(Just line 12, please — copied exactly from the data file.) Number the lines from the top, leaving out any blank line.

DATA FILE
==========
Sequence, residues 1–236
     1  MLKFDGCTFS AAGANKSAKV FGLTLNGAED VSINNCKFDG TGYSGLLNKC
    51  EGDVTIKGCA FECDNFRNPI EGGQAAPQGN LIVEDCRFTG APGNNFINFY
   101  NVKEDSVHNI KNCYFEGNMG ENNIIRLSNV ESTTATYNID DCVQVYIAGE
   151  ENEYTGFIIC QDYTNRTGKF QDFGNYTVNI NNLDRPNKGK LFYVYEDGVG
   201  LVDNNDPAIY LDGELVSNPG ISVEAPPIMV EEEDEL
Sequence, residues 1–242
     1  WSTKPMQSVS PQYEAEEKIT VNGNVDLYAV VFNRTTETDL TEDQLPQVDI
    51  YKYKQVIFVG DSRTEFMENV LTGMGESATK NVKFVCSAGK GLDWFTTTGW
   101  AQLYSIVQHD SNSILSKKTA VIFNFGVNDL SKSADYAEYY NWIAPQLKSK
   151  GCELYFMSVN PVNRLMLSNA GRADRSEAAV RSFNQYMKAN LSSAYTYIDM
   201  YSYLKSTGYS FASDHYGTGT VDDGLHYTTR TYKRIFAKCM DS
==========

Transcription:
   201  YSYLKSTGYS FASDHYGTGT VDDGLHYTTR TYKRIFAKCM DS